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The daily Tar Heel. (Chapel Hill, N.C.) 1946-current, January 30, 1984, Page 6, Image 6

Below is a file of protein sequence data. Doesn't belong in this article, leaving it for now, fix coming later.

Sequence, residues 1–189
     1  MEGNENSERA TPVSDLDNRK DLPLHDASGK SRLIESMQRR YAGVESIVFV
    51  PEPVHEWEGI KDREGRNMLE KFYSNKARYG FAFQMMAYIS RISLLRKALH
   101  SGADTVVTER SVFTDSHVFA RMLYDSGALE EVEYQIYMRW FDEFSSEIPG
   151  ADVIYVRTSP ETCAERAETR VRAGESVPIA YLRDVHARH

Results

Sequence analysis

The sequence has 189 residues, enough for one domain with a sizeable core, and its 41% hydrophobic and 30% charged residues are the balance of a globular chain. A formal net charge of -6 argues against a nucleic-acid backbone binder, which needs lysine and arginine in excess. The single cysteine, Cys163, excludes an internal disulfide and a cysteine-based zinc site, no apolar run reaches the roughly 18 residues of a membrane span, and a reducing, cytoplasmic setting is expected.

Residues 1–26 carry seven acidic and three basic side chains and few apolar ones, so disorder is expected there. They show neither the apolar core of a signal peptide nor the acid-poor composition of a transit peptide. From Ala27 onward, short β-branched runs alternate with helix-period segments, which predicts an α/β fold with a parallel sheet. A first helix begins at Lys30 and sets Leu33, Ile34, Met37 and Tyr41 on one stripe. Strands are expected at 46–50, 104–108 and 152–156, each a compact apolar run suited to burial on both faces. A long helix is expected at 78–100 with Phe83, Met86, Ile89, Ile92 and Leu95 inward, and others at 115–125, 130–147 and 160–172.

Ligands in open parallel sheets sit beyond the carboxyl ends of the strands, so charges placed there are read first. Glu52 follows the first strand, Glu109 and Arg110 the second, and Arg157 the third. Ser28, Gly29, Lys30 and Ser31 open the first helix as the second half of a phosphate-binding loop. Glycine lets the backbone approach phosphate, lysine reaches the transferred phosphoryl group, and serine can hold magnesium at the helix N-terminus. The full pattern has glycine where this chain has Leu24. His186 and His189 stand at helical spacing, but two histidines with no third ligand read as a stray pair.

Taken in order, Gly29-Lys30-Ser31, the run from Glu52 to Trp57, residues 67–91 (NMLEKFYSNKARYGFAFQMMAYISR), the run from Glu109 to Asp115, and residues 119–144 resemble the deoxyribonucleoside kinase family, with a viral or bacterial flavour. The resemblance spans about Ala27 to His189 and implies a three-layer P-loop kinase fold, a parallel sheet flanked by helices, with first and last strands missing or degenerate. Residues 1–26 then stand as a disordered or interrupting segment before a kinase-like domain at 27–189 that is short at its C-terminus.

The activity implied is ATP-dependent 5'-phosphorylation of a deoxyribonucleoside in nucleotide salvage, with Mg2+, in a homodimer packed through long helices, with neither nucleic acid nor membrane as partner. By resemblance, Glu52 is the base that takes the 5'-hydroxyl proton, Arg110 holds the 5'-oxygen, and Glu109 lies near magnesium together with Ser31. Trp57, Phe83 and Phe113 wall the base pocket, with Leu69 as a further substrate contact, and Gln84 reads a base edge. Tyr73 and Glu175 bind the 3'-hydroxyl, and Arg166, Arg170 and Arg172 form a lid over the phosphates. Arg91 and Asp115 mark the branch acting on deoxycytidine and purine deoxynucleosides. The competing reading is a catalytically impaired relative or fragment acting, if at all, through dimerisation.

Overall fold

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6The Daily Tar HeelMonday, January 30, 1984, p Sail ular i uclear freeze a complex proposal N im 95 .year o editorial freedom Kerry DeRochi, eJi.v Eddie Wootf.n, Wjiwwjj Ar CHARLES ElLMAKFR, Associate Editor FRANK BRUNI, Associate Editor Kelly Simmons, Umtnity Editor KYLE MARSHALL, State and National Editor Michael DeSisti , Sports Editor Melissa Moore, News Editor Michael Toole, cuy Editor Karen Fisher, Features Editor v Ji.i h Grove, Arts Editor CHARLES W. LlDhORI). Photography Editor By ANDREA STUMPF A costly symbol 1984 is an election year, so all those with aversions to lofty promises must either resign themselves to the impending barrage of good intentions or seek counseling. Candidates for each and every office will busy them selves with making the impossible seem suddenly and miraculously manageable. President Reagan, however, has gone too far in his suspension of prac ticality in the name of winning public favor with his announced plans for a continuously manned space station. What the president wants to accomplish within a decade is the estab lishment of a station in space with a central facility that would serve as living and working quarters for a crew of six to eight astronauts. From the space station, the crew would perform scientific experiments, collect astronomical data and take advantage of the weightlessness of space to manufacture such materials as drugs. Surrounding the crew's centred facility would be unmanned modules with the scientific instruments without which the crew's work would be impossible. To be sure, it's an awe-inspiring notion. But it's also wasteful and deceptive. A manned station in space would not so much stretch present technology as it would stretch the already overburdened federal budget. At a time when the federal deficit has grown to frightening proportions, a manned station in space is a luxury this nation cannot afford. Most all of the station's proposed functions would be better accomplished without . man's presence. In fact, the vibrations from the crew might only disrupt the sensitive telescopes to be placed on the station. The station's estimated cost of $8 billion would be reduced drastically by the absence of man. Put so would the sentiment behind the station's presence. And that is what Reagan is ultimately concerned about the pride and patriotism evoked in Americans by the romantic image of men living and working in space. Speaking of the space station proposal in his State of the Union address last week, the president urged the nation to "reach for greatness again" and "follow our dreams to distant stars." He sounded much like the late John F. Kennedy, who established space as the New Frontier and attempted to redeem the American ego after Sput nik with a massive increase in funds for space research. Whether the fruits of that research were really worth the cost is seldom debated; what's re membered is the national pride that surrounded the effort. Effective symbols can indeed be one of the most effective tools employed by the politician. So can deception. In making voters believe that a manned station in space would be an amazing technological ad vance and research opportunity, Reagan is constructing a deceptive sym bol that could, cost, this nation a great deal of money better allocated to tangible improvements in the quality of life in the United States. Unfor tunately, Reagan, the most histrionic of presidents and the most consum mate of actors, is not always big on reality. And nothing encourages flights from truth more than an election year. Even a cursory look at nuclear arms will indicate that ' a wariness of simple solutions is justified when evalua ting the nuclear freeze option. Simple solutions tend to indicate dangerous oversimplification, and although a mutual, verifiable freeze could bring benefits, a number of detrimental aspects could follow as well. As a starting point, a complete freeze across the board in all areas of nuclear defense can serve as a gauge by which to evaluate positive and negative aspects. In using the extreme as a foil, the strategic viability of a partial freeze or of alter native arms control options can be considered. Looking first at the good, there are five points that should be mentioned. The nuclear freeze proposal thus far has: Evoked andenlisted widespread public concern about nuclear potential; offered a plan for U.S. spending reductions of approximately $18 billion per year; sought to capitalize on the present overall nuclear parity be tween the United States and the Soviet Union; provided a chance to forestall the addition of highly accurate and thus destabilizing nuclear weapons; been recognized as more easily verifiable than a complex agreement of a partial halt. The picture, however, is incomplete without mention of a few concerns regarding a nuclear freeze. Motivation for the Soviets to engage in optimum reductions would be less ensured. The need for deterrence and war prepa ration would be unchanged because frozen forces would still have destructive potential. Replacement of unstable weapons systems with more stable systems would not be a part of the freeze negotiations. Modernization of systems that could improve stability would be precluded. And verification negotiations would be extremely dif ficult and time-consuming. Being easily understood and accepted is first a good and then a bad aspect of the nuclear freeze concept. In our functional democracy, the idea of a freeze has pro vided the valuable services of raising the consciousness of Americans as well as providing a tangible handle by which to exhibit concern in a measurable manner. How ever, public support is in one regard illusory and in another obstructive. It is illusory in that the public choice of policy does not rest on a detailed understanding of present nuclear arsenals. Thus, the easily understand able nature of a nuclear freeze requires a cautious reading of public opinion. It is obstructive in that the THE Daily Crossword by Peter Swift ACROSS 1 Followed suit 5 Hog-like animal 10 Freight boat 14 Ear feature 15 Sports palace 16 Aa 17 Naval craft 20 Actor Welles 21 Visionaries 22 Schnozzle 25 Numerical prefix 28 At a ship's stern 29 Alaskan city 31 Hair con ditioner 38 Small combo 33 G-men 40 Monotonous sound 41 Military aircraft 44 Use hook and line 45 Beloved 48 Jai 47 Spirited horse 48 Lapse 50 out (make do) 51 Flounder 54 Perceives 58 Goes before 61 Pome Yesterday's Puzzle Solved: nTiBiipnMiMnGiEwTrn B jO ONE 1 R,TL All A.N ALk! 1 HlIIIS CHE sTT JF legiateeIjkos KjT E L E R ,,' ABAS E. S L'v.fl.wo.i.iliko JLlTin pTT e r Ts u e r sT' i cTeTo EflLI I A M 1 1. AHOY N A T I JA V A S TL T U NE e , s fNH Q W E R , STPTR I N T 'f.ASC.AL o is.2 c. noli i e r :ih I E sadie IXmTrt Gills C D Y lTsXJTTEliDtJwlOlLDC 12884 65 Naval vessel 63 Worshiped one 69 LaScala site 70 Voyaging 71 Actor Amaz 72 Conte 73 Hairy Asian beasts DOWN 1 As well as 2 Rain hard 3 Recedes 4 Fiend 5 Sailor 6 Onassis 7 Await a decision 8 Unable to act 9 Marathon runner 10 Close with force 11 Shipping container 12 Above 13 "Star" 18 Soon 19 Coiffure 23 Divan 24 Edit 28 Mercatorial collection 27 Forward part 28 Trace of color 30 Borders 32 la Douce 33 Lordly 34 Move furtively 35 Eldritch 37 Act the coquette 39 Closes tightly 42 More rosy 43 Fr. cheese 49 Bosc,for one 52 A US pres ident 53 Have suit ability 55 Atomizer 56 Reimbursed 57 Carnival attraction 58 God of love 59 251 60 WWII battle site 62 Where a tower leans 63 Onion's relative 64 Historic periods 66 Roadster, eg- 67 No matter which 1 1 3 14 15 16 fi i i I 110 111 112 113 mm mum mm aam t--r,mm mhhm hhhb mm mhbmb i ! mmm mmmm mmhm 17 ia 19 . 20 " 21 li 23 M"""" 261 2f" 2tT 29 "" " lo" IT" --3Jr- Is" " """"" if """" IF" IT" 40" """" """" mmm 41 " 42 '. 43" ' IT" " " """" """" "T" "T5 ' XT" " 4 49" """" 50 "" TT" 5l53r 54 """" isf" b6575rl5Sr 6P 61 62l63l6T" ' """" """" "" """" 6667" " 69 - I I ' I I I I L, J III 1984 Tribune Company Syndicate, Inc. All Rights Reserved 13084 asymmetrical expression of public opinion open in the West but not in the East both threatens instability in the superpower square-off and raises the potential for an improved Soviet position in arms control negotiations. Concern about nuclear arms rests not only on the po tential dangers of destruction but also on the immediate dangers of reduced social priorities. Present spending on arms in the world is more than the total indebtedness of Third World countries. One thought is that in doling out guns and butter under a frozen arms race, more butter could be provided. But the reasoning can be erroneous unless assurances are made that defense spending will not simply be shifted from nuclear to conventional weaponry. Since a freeze does not remove the need for deterrence nor war-fighting capabilities, it only redefines the means for a strong defense. At present, NATO does not have sufficient conventional capabilities to balance the Soviets in conventional terms alone. The temptation with a nuclear freeze would be to increase spending on conventional arms. While a nuclear freeze would hinder dangerous modernization of weaponry, it would also hinder strate gic alterations that could be beneficial. A complete freeze would lock into place both the stabilities and the instabilities at that point in time. As destructive as each nuclear weapon can be, it is difficult to think in degrees of destructiveness. It should, however, be recognized that some nuclear systems are more dangerous and more destabilizing than others. The choice of missile type does make a difference in the level of defense security. If maximizing stability means limiting the incentive for either side to strike first, then short-range missiles come out as more destabilizing than long-range missiles. The Pershing missiles presently being deployed in Europe are highly accurate first-strike missiles that undermine the stability of our systems. An immediate freeze could halt this deployment, but even if serious attempts at a treaty were begun today, negotiations for a freeze would ex tend beyond the scheduled completion of deployment. The introduction of MIRV also added instability, since single target capacity is more predictable than that of multiple targets per missile. Thus, single warheads, which are also less useful as first-strike weapons and more able to survive, would promote stability if they replaced MIRVed warheads. However, a nuclear freeze would not include negotiations for such a stabilizing substitution of missiles. Regardless of the desirability of any arms control agreements, consensus on the type of control is not even half the battle. Even if the United States and the Soviet Union could commit themselves to a nuclear freeze, the difficulties of setting down the specifics of a treaty should not be underestimated. Verification negotiations were the most time-consuming part of the SALT II preparations. I Perhaps the single largest problem with the popular freeze proposal is its lack of flexibility. By pushing the freeze concept to the extreme, the possibility of imple menting changes that improve the present strategic set up are precluded. And active nuclear freeze proponents know well enough that it is easy to undercut the freeze idea by driving it to the maximum interpretation of a complete freeze. Far more appropriate, and perhaps less difficult to negotiate, are limited changes, such as replacing MIRV ed missiles with single warheads and banning anti satellite weapons to the present defense systems in the United States and the Soviet Union. Modernization and the launching of submarines could be allowed to con tinue, since fewer submarines could actually be de stabilizing, in that potential gains for anti-submarine warfare would decrease. A final point to remember is that any form of arms control a freeze, a ban or reductions should never become an end in itself. The existence of nuclear arms necessitates a complex review of possible strategies to determine maximum stability in the context of mutual agreements. Stability must be the consistent and ultimate goal. But stability is an evasive standard, for as long as we can. judge stability, the weapons' balance is inherently stable. As long as deterrence functions and the potential for nuclear destruction remains untapped, the situation can be viewed as having some degree of stability. Stability indicated purely by hypotheticals is by nature a controversial issue. While scientific research may ex pose effects of a nuclear exchange, no indisputable proof is available to determine the strategy with the greatest stability. The correct means to an end figurative and not literal is ultimately but a matter of opinion, priorities and perspective. Andrea Stump is a senior international studies and German major from Chapel Hill. LETTERS TO THE EDITOR Abortion an urgent issue To the editor: I'm writing in response to Steve Grif fin's article, "Checking Some Facts," DTH, Jan. 26). Fxst, I will start by say ing that any person's objectivity is tainted by his own personal opinion and that in this letter I can be neither open-minded nor objective when it regards the abortion issue. Griffin states that "a couple who desires sexual relations and practices birth control should not be forced to unwilling ly assume the lifelong obligations of parenthood due to an unavoidable, unex pected birth-control failure." Suppose you are a careful, safe driver and your car's brakes fail at a red light you in deed are going to be held responsible for any "accident" that occurs. In any area of life, personal freedom carries with it the responsibility for all actions taken. Abortion is not the answer to birth con trol failure and should by no means be permitted to be used as a backup for birth control. A woman's personal freedom and rights (freedom to choose, rights to her own body, etc.) end where that child's life begins. Griffin feels that the question of when life begins is a matter of semantics and personal opinion. Any hunter who is out hunting never shoots at an object unless he is absolutely sure whether it's an animal or a human being. Does not the unborn deserve the same respect? Regardless of whether one believes life begins at conception, the unborn should be esteemed higher than our own conve nience. Griffin says that a minimal level of quality of life must be assured if human life is to be considered sacred. How is this to be measured? What may be a minimal level of quality for one person may not be so for another. Sondra Diamond has cerebral palsy and is unable to dress herself, use the restroom on her own or write. The doctors told her parents she had little or no hope of achieving mean ingful "humanhood." Today she is a counseling psychologist. Has she reached humanhood? Concerning rape and incest, .what about a stubbed toe? You don't heal the wound by cutting off the whole foot. Abortion will only compound the pro blem. The emotional anguish will only be heightened; there are other solutions and "remedies" in these cases. There are indeed many pro-lifers' who are willing and who do help provide for and care for infants and their mothers before and after the child is born. There are several organizations set up to do just that. Griffin states that the primary beneficiaries of a right-to-life stance are those who wish to soothe their own cons ciences. Who are the beneficiaries of a right-to-choose stance? Certainly not the unborn. It's been 11 years since the Roe vs. Wade decision, and 16.S million babies have been aborted (which also means that there are just as many women who are suffering the physical and emotional con sequences of having an abortion). I think it's been enough; actually, too much. This is not an issue we can just sweep under the rug and let someone else worry about. Every conscientious person in this nation has a responsibility to speak out to their legislators concerning this issue. Be ing uninformed can be no excuse for apathy. Find out about the issue. It is a matter of life or death. Ana Kahn Chapel Hill The chain of life To the editor: I suddenly became upset the other day when I saw the "Walk For Life". As I watched the participants proceed down Franklin Street toward Morehead Planetarium, my feelings became a mass of confusion. I felt coldness from the reason behind this walk, yet, I felt a cer tain warmth from the purpose behind this same walk. As I watched the anti abortionists join hands and pray around Morehead's sundial, I was reminded of how inhumane, illegal and amoral abor tions are. This bond that the anti abortionists had created around the sun dial, represented to me something that should never, ever be broken; it represented the chain of life. We are all human; this is our chain Though small fetuses have not yet come into the world, they have come into ex istence and, thus, they are human also. Then why, I ask, must they suffer such inhumane treatment? An abortion is just another form of slaughter. It is a harsh, inhumane act directed toward a young in nocent human being. Though we may refrain from using the harsh term slaughter, the only difference between the two worus is tnai one reters to the in humane killing of animals and the other word refers to the inhumane killing of babies. Abortions, are just as illegal as they are inhumane. Despite the Roe vs Wade deci sion, I believe that abortions are illegal, and anyone with an ounce of morality or justice within them believes likewise. To day, since abortion has been legalized, people slaughter innocent babies and pass it off as consistent compliance with their rights. Of course, most of us could care less about the right to life. In fact, we pessimists, hermits and other downright amoral souls in this world wish that we had never been born. Though many of us at times think that the little bit of hap piness that we might stumble upon will never balance out with the constant miseries of life, there is only one basic no tion behind this thought. This notion is that no matter how bad life seems to be, none of us can honestly say that we would have preferred to have been aborted. Darlene Campbell Hinton James The gray area To the editor: With a great deal of interest and con- . sternation, I have followed the series of articles in the DTH concerning abortion. Most striking about the opinions express ed by column- and letter-writers is their persistence in treating the issue in black and white, pro vs. con, Right to Life vs. Pro-Choice. As is often the case, the solu tion cannot be found in either of the ex treme points of view, but rather some where in between. There are times when abortion may be appropriate. Steve Griffin ("Checking some facts," DTH, Jan. 26) points out that "If human life is to be truly sacred and sanctified ... some minimal level of quality of life must be assured." Perfectly reasonable. There are also times when abortion may be inappopriate. David Fazio and Tracey St. Pierre ("Walking for life," DTH, Jan. 20) remind us that "science confirms the uniqueness of human life from conception on." Again, reasonable. It appears to be of little value for the two sides to spout "facts" and "reali ties" when both have reasonable argu ments, genuine motivation and sincere compassion. Neither side is wrong or right; neither is good nor evil. However, both risk dogmatism and inflexibility with their approaches. Instead of con tinuing their battle about abortion, I hope both sides will devote their collective energies to helping those with difficult pregnancies find humane, compassionate answers. David Jarvis Carrboro Letters? The Daily Tar Heel welcomes letters , to the editor and contributions to col umns for the editorial page. Such contributions should be typed, triple spaced, on a 60-space line, and are subject to editing. Contributions must be submitted by noon the day before publication. . Column writers should include their majors and hometown; each letter should include the writer's name, ad dress and telephone number. 'DTH' dangerous to all To the leditor: Your editorial "MIA" DTH, Jan. 20) was most consistent with the more controversial editorials that have ap peared on the back page during the course of this administration. It was written without a clue as to what is really going on and without the effort to find out. First, I want, to properly inform the DTH and the student body on the crisis that you have created. I do not know where you got your information about the elections being postponed. If I had been asked, 1 would have said the elections would not be postponed. Also, you do not have to tell me the importance of a smooth-running election. I've run one or two myself. I've seen it from both sides. Positive action has taken place in the nearly two weeks since students returned from Christmas Break. I have extended offers for the position of Elections Board Chairman twice since I have been back. Do you want a quick replacement to the Elections Board? I could have given you that. But, wait until they screw up. I can only guess as to the editorials you pro bably would have written about how quickly they were chosen and grossly ill-prepared they were. As to the irregularities you cited about past elections, I can only say that they were things that happened not because the Elections Boards were chosen late or slowly as you so elo quently put it but because they were things that just went wrong. These things can happen with the best Elec tions Board. I actively participated in three of these elections. I know what went on, 1 was there. How about you? Did you go and read past editorials or research the facts? The candidates have spent hundreds of dollars and many hours on cam-" paigns, and 1 know they take serious ly the positions they seek. But I have not once made light of the fact by "dragging my feet on the needed ap pointments." I have been trying since the position was vacated to fill it. Before the DTH editorial staff con tinued escalating the "crisis" on Fri day, did you ask me what was really going on? No. Had you done so', I would have filled you in on the cir cumstances surrounding the Elections Board. I also would have told you that two days earlier I had an Elections Board chairman. 1 also would have asked you not to go public with it in order for tiu- new chairman to orient himself with the office before being bombarded with the duties of it. Not only have you created an issue that is now bigger than Season Ticket and ESPN, you have mounted an in direct attack on Chris Cox, the past chairman. He resigned for personal reasons, stated as such, and should have been left alone. Dragging his name around has only hurt a fine reputation that preceded him. He is a good man. The editorial policy of the current DTH is grossly off base and extremely dangerous. If you write before research, fine. But when your facts are consistently off, your purpose seem ingly only to generate student con cern, feeling you are always right, you are dangerous to the student popula tion and the University community. Do you understand what I am saying? You are the only major means to reach students on campus. You cer tainly don't tell them your editorials are not always right or that the infor mation is incomplete. You mostly write as things appear. I'm one to tell you, things are not as they always ap pear. When I took this office, I swore to two oaths. One to the students and the Student Constitution. The second to the people of North Carolina as a trustee of this University. I am bound as to what I can do and say. I have a system of checks and balances. I am also bound by a constituency of 22,000 students. These systems tell me when I am out of line and when to take appropriate action I have stan dards to go by! What is the editorial staff going by to make sure what is written is at least factual? I am not talking censorship of the press, but responsibility of the press. Kevin Monroe Student Body President Editor's note: The DTH editorial "MIA" (Jan. 20) stated: "Without prompt action on the part of Monroe, the elections stand a good chance of being postponed. .." In reference to former Elections Board Chairman Chris Cox, the editorial stated: "Chris Cox, the board chairman appointed by Student Body President Kevin Monroe last Oc tober, resigned late last semester for personal reasons. . . " . The DTH dots not believe the editorial constituted an attack on either Monroe or Cox.